Nash signed all three Wailers band members to exclusive contracts with the JAD label and helped finance some of their early recordings. He employed the help of Byron Lee’s Dragonaires, Jackie Jackson, Lynn Taitt, and other local artists on some of those tracks. Unfortunately none of the Bob Marley or Peter Tosh songs that he helped produce found any commercial success. Two singles were released in that era, ‘Bend Down Low’ in 1968 and ‘Reggae on Broadway’ in 1972. During that same 1972 recording session, Nash recorded his number one hit “I Can See Clearly Now’.
That song sold over a million copies and was certified Gold by the RIAA in November 1972. On the I Can See Clearly Now Album four original Bob Marley compositions are included including ‘Guava Jelly’, ‘Comma Comma’, ‘Stir It Up’, and ‘You Poured Sugar On Me’.
‘Stir It Up’ and ‘There Are More Questions Than Answers’ became the second and third singles from that album to get airplay.
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And keep watching to find out all about Johnny Nash’s later career and final years.
Nash’s Other Projects And Post- JAD Records Career
Johnny Nash composed the soundtrack for the Swedish romantic drama Vill Sa Garna Tro in 1971/ In that film he also took on the role of Robert. Bob Marley co-composed the soundtrack and Fred Jordan helped with some the arrangements.
JAD Records shut its doors in 1971 but 26 years later it was revived by reggae archivist Roger Steffens and french producer Bruno Blum when they set out to compile a ten-album compilation of the Complete Bob Marley and The Wailers works from 1967 to 1972. Several of Nash’s Bob Marley and Peter Tosh tracks were remixed and remastered for that collection.
Some of Johnny Nash’s other big hits include the rocksteady tune “Hold Me Tight” which peaked at number 5 in the US and ‘Stir It Up’ which was written by Marley before he found worldwide success. Nash’s biggest hit in the UK was ‘Tears On My Pillow’ which peaked at number one on the British charts in 1975.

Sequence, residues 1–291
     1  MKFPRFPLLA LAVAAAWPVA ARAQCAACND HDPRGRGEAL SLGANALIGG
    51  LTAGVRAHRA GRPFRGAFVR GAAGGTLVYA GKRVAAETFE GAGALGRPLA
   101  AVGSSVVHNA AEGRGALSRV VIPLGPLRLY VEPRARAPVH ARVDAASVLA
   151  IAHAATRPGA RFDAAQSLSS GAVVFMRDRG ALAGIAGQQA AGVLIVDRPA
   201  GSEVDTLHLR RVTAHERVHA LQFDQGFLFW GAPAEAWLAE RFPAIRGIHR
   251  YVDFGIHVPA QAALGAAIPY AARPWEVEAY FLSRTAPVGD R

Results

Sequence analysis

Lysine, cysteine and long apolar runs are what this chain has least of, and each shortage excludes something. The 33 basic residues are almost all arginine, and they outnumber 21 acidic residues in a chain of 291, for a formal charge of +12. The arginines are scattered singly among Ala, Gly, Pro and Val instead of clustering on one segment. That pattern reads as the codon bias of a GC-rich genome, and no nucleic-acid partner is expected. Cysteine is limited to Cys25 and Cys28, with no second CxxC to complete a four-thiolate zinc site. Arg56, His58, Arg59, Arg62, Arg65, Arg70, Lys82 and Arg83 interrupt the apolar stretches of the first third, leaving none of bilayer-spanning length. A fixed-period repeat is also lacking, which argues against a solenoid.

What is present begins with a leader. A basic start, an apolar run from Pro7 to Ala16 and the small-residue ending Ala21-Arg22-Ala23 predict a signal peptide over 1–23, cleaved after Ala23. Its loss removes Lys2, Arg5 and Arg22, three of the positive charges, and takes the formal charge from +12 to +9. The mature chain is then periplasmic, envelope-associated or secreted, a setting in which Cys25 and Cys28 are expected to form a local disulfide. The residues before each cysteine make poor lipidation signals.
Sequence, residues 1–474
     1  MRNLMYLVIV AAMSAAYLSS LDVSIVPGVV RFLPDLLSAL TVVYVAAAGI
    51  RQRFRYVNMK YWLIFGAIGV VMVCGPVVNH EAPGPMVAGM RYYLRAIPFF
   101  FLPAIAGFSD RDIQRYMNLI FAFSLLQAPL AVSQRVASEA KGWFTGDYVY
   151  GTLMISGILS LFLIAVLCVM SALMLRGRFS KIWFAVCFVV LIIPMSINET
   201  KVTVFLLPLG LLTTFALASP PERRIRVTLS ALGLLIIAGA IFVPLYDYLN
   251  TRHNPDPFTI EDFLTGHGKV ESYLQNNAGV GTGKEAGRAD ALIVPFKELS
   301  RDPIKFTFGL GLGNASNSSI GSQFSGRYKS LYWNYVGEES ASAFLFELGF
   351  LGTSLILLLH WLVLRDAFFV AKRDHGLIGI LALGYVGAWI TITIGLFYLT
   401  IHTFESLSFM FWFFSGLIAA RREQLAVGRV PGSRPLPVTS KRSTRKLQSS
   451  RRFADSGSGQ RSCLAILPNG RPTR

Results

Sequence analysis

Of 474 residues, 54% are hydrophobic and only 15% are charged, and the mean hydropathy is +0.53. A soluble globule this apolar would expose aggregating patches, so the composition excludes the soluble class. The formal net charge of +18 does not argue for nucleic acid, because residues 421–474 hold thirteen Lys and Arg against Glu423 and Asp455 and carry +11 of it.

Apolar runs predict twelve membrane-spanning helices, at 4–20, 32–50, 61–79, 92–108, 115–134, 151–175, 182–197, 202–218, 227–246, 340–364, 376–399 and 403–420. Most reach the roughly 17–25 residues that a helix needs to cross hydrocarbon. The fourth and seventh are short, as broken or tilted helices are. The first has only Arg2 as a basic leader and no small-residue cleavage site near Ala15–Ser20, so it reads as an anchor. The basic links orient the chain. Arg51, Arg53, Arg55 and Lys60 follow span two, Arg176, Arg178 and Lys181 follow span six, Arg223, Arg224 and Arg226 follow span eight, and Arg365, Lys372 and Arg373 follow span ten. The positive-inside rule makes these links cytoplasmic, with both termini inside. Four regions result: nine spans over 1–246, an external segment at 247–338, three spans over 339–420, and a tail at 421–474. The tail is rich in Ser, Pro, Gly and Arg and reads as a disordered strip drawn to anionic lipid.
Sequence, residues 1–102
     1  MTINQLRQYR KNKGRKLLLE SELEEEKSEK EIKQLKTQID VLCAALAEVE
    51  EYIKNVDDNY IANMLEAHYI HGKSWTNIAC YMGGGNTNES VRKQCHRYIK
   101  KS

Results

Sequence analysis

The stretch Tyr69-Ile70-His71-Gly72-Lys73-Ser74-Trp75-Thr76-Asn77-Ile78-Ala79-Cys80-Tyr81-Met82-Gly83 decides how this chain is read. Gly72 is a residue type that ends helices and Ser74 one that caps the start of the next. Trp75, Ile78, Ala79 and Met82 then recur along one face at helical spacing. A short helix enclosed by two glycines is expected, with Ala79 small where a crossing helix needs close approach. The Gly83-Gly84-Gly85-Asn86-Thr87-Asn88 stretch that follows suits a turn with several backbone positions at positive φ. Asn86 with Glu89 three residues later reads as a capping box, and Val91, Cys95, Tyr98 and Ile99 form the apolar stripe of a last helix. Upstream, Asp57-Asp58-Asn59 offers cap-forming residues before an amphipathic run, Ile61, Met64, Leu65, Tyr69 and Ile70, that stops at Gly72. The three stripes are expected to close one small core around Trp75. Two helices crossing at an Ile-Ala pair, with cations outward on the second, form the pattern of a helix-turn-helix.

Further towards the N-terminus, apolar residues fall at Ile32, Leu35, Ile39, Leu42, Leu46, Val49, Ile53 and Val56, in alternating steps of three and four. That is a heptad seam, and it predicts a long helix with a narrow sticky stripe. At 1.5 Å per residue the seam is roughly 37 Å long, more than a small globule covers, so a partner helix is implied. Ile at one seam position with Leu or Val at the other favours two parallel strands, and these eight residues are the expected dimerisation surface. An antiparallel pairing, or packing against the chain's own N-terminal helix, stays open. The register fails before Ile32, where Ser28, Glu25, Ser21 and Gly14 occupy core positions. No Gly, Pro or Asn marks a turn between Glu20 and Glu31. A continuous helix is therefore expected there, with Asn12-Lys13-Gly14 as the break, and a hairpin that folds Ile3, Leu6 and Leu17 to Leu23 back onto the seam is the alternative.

Nash had become increasingly disillusioned by the decadence of the music industry. After ‘Tears on My Pillow’ and 1976s cover of Sam Cooke’s ‘What A Wonderful World’, he started to withdraw from the music business. Although he re-emerged briefly in 1979 when he penned a song dedicated to the families of the kids that were killed in Atlanta, Georgia’s serial killings that year.
In 1986, he released his final album ‘Here Again’. The album featured the minor hit ‘Rock Me Baby’ which reached the top-20 on the Swiss charts. That album’s second single ‘Baby You’re Mine’ was much less successful.
Nash had hoped that the album would successfully help him to stage a comeback but after it failed to have a significant impact on the charts, he abandoned his goal of making a full-fledged return to the music industry.
Johnny Nash’s Final Years
Nash spent the latter quarter of his life with his family back home in Houston. He and his third wife Carlie ended up raising two children together. He also opened a venue called the Johnny Nash Indoor Arena that served as a youth rodeo during the day and competitive riding hall at night.
In 1994, Nash’s biggest hit ‘I Can See Clearly Now’ was re-introduced to modern listeners when Jimmy Cliff covered it for the Cool Runnings soundtrack. Nash’s original recording of the song appeared in the opening scene of Grosse Point Blank in 1997,
In 2006, Nash made a return to the studio and began singing again at SugarHill and Tierra Recording Studios in Houston. He tirelessly worked on transferring his analog tape masters from the 70s and 80s to a digital Pro Tools format.
Tragedy struck just two years later when a trove of Nash’s original material was lost in the 2008 Universal fire. Hundreds of other musicians and filmmakers also lost their material in that ill-fated blaze.
Nash spent out the rest of his days surrounded by his family. After a period of declining health, he died peacefully of natural causes at his home on October 6, 2020. He was 80 years old when he passed away.
Well, here we are once again at the end of another facts-packed video. We offer our sincerest apologies if you now have “I Can See Clearly Now” stuck in your head. But to be fair, you’re the one that clicked on this video so that’s really all on you.
We’d love to hear from you. What’s your favorite Johnny Nash song? I Can See Clearly Now, Stir It Up or Tears on My Pillow? Leave your favorite in the comments section below.